Living the Question: A Glimpse into the Ongoing UCSB Clean Energy Master Plan

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April Zhang 

Science & Tech Editor 

Decarbonization is a hit word that’s constantly thrown around, but what does it really mean in our day-to-day context, and for a large-scale establishment like a university? An ongoing study at UC Santa Barbara (UCSB) might offer some clues. 

Energy comes in two forms: electricity in the grid and natural gas. For UCSB, grid-based electricity comes from a combination of solar, wind, and other renewable power sources; the main campus has been carbon-free since 2019, with the primary source of electricity from South California Edison (SCE). They provide energy from ventilation, cooling, lighting, and various types of plug loads (equipment that plugs in). 

Natural gas, on the other hand, comes to campus via a single, large pipeline from the SoCalGas company. It is used primarily for heating, cooking, hot water, and some processes used in departmental labs. To learn more, The Bottom Line (TBL) spoke with Jordan Sager, the Campus Energy Manager and Assistant Director of Design, Facilities & Safety Services at UCSB. He said, “[Natural gas] is obviously not carbon free, and that is THE challenge for our campus when we look at greenhouse gas reductions.” Sager is a part of the Campus Decarbonization Committee, which is in the process of developing a Clean Energy Master Plan

The Clean Energy Master Plan has been an undertaken effort since the beginning of the academic year until this summer. It is a joint effort with every other school in the UC system, assisted by funding coordinated by the state. Beginning with data collection in fall 2023, the team also recruited UCSB students as interns for outreach and research on different aspects. 

The combination of grid electricity and natural gas has always been feeding the campus systems, but it wasn’t until 2015 that the UC system made a plan to be able to form a collective of all campuses to buy power. By being classified as an Energy Service Provider (ESP), the UC is able to develop solar and wind farms or directly purchase power from state-wide markets, which can then be provided to the campuses. In UCSB’s case, while SCE’s infrastructure still provides the power to the campus, the university has decoupled the generation from the transmission component of the power system; SCE, who owns the powerlines and the infrastructure, is responsible for the transmission component.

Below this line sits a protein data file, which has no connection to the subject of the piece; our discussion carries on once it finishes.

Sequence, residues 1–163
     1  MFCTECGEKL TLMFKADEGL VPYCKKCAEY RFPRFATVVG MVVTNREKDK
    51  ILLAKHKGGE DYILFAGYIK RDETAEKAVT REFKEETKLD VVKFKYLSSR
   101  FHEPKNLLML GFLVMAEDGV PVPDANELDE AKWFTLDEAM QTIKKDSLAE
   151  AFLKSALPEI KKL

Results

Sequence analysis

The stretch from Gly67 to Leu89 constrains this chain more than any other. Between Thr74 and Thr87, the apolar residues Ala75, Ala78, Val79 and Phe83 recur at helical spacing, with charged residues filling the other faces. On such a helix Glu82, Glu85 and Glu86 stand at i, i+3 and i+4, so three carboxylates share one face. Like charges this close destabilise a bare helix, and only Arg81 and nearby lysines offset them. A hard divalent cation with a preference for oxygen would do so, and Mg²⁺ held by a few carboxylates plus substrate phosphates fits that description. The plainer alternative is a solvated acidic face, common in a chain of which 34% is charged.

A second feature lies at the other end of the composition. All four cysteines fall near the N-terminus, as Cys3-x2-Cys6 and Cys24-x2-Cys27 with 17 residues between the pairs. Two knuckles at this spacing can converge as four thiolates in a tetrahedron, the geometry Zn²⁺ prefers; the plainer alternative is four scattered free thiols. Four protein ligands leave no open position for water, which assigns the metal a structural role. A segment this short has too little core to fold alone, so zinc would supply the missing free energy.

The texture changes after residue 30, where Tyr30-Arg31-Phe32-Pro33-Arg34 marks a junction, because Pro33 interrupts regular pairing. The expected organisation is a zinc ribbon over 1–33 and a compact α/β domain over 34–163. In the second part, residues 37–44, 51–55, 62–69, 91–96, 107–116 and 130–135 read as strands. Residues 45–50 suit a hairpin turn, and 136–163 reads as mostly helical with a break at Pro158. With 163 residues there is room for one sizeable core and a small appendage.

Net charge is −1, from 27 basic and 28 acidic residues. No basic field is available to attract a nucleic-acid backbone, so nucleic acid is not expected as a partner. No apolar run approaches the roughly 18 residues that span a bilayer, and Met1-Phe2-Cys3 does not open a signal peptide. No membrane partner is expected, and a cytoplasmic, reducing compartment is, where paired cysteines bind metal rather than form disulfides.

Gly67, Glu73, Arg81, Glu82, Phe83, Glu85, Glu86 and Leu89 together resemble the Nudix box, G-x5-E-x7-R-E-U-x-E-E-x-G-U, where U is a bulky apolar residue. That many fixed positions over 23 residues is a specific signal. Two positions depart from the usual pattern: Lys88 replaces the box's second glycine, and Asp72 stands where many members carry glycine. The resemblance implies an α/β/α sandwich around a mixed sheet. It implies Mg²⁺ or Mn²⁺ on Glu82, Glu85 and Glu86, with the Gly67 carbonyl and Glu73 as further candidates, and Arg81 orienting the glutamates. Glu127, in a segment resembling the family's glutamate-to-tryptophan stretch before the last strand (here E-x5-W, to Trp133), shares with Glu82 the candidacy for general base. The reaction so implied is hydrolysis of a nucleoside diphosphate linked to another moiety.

At the present moment, natural gas combustion on campus is by far the largest greenhouse gas emissions of this university, and that is at large where the Clean Energy Master Plan comes in.

The Decarbonization Study Project Committee have had various engagements with the wider campus community, since the kick-off meeting on Oct. 19. This was followed by a series of four workshops scattered throughout the following eight months, where they sought as much participation as possible from as many campus members as possible. 

“It will be a multi-year process,” Jordan expressed. His hope is to convert natural gas to electricity and prohibit the use of natural gas in all new buildings, beginning with the Interactive Learning Pavilion. 

When asked about how individuals and students living in Isla Vista and the UCSB campus can practice good energy management, Jordan suggested paying close attention to the timing of power usage. Prioritizing using power in the middle of the day or late night is less costly and carbon intensive than afternoon and evening hours: “avoid using electricity during the hours of 4–9 p.m. [and charging electrical vehicles], doing laundry, and running dishwashers and other large appliances after 9 p.m. if possible.”

The hope in early October of last year was to achieve at least a 90 percent reduction in natural gas from onsite combustion. The team met at the Clean Energy Master Plan Town Hall on June 5 to engage the general public.

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